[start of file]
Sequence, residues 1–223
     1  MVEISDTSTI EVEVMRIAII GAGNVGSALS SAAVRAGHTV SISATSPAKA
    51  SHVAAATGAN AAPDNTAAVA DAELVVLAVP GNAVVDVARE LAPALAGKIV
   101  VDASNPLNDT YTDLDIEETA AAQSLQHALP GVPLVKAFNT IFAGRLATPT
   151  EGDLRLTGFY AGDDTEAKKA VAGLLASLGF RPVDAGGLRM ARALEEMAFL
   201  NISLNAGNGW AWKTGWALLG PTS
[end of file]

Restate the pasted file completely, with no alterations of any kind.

Sequence, residues 1–223
     1  MVEISDTSTI EVEVMRIAII GAGNVGSALS SAAVRAGHTV SISATSPAKA
    51  SHVAAATGAN AAPDNTAAVA DAELVVLAVP GNAVVDVARE LAPALAGKIV
   101  VDASNPLNDT YTDLDIEETA AAQSLQHALP GVPLVKAFNT IFAGRLATPT
   151  EGDLRLTGFY AGDDTEAKKA VAGLLASLGF RPVDAGGLRM ARALEEMAFL
   201  NISLNAGNGW AWKTGWALLG PTS